The second temple contained another tablet in near-perfect condition. It had a central panel with two figures facing a large mask over two crossed batons, flanked on each side by panels of glyphs. The four piers of the temple’s entrance once contained sculptures; the outer two adorned with large medallions were still in place. The other two panels had been removed by villagers and set into the wall of a house. Copied earlier by Catherwood, these panels depicted two men facing each other. One was richly dressed and regal, the other an old man in jaguar pelt smoking a pipe. Later these famous sculptures were moved to the village church, and again later to the Palenque museum.
Casa 4 was farthest away, southwest of the palace. It sat on a pyramid 100 feet above the bank of the river with the front wall entirely collapsed. The large stucco tablet inside showed the bottom half of a figure sitting on a double-headed jaguar throne, the lovely Beau Relief partially destroyed by Waldeck. Stephens regretted this loss greatly (as do I) because it appeared to be “superior in execution to any other stucco relief in Palenque.” This small structure is now called Temple of the Jaguar.
This story is told in my post:
Difficult Working Conditions
Stephens complains that artists of former expeditions failed to reproduce the detailed glyphs in Casas 1 and 3, and omitted drawings of Casa 2 altogether. He believes these artists were “incapable of the labour, and the steady, determined perseverance required for drawing such complicated, unintelligible, and anomalous characters.” Catherwood used a camera lucida to project a light image of the glyphs and sculptures onto paper, and then drew the images to accurate scale and detail. He divided his paper into squares for copying glyphs to give accurate placement, reducing these large images and hand correcting the later engravings himself.
One must admire these two men, working under terrible conditions with limited equipment, yet providing such a thorough account of the Palenque structures they saw. They needed to scrape off green moss, dig out roots, clean away layers of dissolved limestone, use candles to light dark inner chambers, build scaffolds to access high places, and endure a plethora of climate and insect assaults. They paid the price of multiple mosquito bites, for both men contracted malaria and suffered repeated episodes of illness.
They left us a few astute conclusions. Stephens proved more insightful than later Mayanists by writing, “The hieroglyphics doubtless tell its history” and “The hieroglyphics are the same as were found at Copan and Quirigua . . . there is room for belief that the whole of this country was once occupied by the same race, speaking the same language . . .”
“Here were the remains of a cultivated, polished, and peculiar people, who had passed through all the stages incident to the rise and fall of nations; reached their golden age, and perished, entirely unknown . . . wherever we moved we saw the evidences of their taste, their skill in arts, their wealth and power.” John Lloyd Stephens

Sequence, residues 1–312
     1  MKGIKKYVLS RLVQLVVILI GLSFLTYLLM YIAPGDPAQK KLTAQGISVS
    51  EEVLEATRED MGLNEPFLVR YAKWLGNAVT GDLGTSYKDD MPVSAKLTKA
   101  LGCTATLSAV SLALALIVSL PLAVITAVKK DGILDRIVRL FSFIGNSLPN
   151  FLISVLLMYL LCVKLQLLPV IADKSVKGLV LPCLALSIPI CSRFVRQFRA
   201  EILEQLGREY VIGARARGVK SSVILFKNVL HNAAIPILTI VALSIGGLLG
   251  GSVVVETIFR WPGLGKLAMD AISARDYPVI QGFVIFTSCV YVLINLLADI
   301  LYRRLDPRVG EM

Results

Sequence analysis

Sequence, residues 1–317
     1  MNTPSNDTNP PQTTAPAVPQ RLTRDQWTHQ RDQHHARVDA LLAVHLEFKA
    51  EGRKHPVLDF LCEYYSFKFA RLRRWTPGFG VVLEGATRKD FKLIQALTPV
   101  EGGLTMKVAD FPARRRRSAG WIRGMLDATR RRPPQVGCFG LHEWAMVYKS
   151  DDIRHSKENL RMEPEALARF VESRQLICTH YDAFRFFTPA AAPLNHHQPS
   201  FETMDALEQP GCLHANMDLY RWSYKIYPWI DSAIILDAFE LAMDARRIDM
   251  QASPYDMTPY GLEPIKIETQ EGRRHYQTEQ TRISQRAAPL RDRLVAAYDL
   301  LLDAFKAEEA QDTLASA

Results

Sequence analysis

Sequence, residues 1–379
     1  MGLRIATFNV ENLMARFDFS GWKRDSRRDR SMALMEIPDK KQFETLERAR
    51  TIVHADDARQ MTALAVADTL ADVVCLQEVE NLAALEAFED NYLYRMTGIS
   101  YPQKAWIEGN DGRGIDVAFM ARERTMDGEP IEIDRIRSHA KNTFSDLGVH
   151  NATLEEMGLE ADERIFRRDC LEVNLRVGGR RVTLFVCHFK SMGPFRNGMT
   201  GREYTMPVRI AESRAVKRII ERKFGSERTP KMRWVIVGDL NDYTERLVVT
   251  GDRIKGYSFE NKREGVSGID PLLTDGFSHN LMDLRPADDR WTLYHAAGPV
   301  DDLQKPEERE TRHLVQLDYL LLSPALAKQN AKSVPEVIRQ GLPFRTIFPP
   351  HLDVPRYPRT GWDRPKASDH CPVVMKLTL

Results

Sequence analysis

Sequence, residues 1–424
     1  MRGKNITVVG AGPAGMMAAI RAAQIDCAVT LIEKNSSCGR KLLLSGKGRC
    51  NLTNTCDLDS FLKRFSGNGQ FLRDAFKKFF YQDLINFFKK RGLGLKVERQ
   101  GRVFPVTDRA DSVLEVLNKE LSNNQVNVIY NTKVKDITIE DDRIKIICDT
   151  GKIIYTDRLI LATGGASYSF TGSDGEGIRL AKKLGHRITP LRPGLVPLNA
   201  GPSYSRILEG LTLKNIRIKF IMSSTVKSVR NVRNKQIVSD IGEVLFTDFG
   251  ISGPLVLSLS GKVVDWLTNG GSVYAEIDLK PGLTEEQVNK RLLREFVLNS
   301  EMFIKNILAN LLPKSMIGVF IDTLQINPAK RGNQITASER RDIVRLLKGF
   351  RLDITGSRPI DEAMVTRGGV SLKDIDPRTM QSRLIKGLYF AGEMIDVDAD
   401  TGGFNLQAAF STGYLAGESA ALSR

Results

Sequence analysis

Excerpts from The Visionary Mayan Queen: Yohl Ik’nal of Palenque
These excerpts from the Archeological Field Journal of Francesca Nokom Gutierrez, a fictional archeologist in my books, describe the history of archeological exploration at Palenque. I’ll be doing several posts taken from her journal in the first 3 books in my “Mists of Palenque” series.
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The ancient Mayas built thousands of cities throughout their 125,000 square mile realm. Ruins of huge Maya cities have been dated back to 300-400 BCE. No doubt smaller cities were being built centuries before, but the fragile wood and thatch building materials degraded over time. By the Late Preclassic Period (400 BCE—250 CE) the technology for building stone structures had been perfected. This technology created tall pyramids, expansive palaces that reached five stories, and complex residences with interlocking passages and plazas. These strong and durable structures were able to withstand 3,000 years of harsh environment, earthquakes, and hurricanes. Even the encroachment of jungle roots and vines since the great cities were abandoned around 1,000 CE could not bring down most of these buildings. Hundreds of high-rise Maya cities remain standing today; a tribute to their building technology.
What substance was strong enough to “glue” the building stones together for so many centuries? The answer is found in Maya cement. Maya technicians invented a method for producing hydraulic cement from native limestone before 250 BCE. How they discovered this process is a mystery, since it requires extremely high temperatures in a type of “blast furnace” to convert limestone into cement. Archeologists surmise they used trial-and-error over many years, perhaps a millennium, to get the formula right. We can imagine ancient Mayas watching a huge conflagration from lightning strikes in forests, or set off by volcanic flow or cinders, that created super-heated fire. After the burning was reduced to coals and ashes, they saw peculiar round globules sitting on top, where before there were chunks of limestone. As rain moistened the globules, they puffed up into a grey-white powder. Curious, the Maya collected the powder and started experimenting with its properties. After mixing it with pebbles or clay or other substances, and adding water, they found that it made a very hard, durable bonding material. Claro que si! Cement was converted to concrete.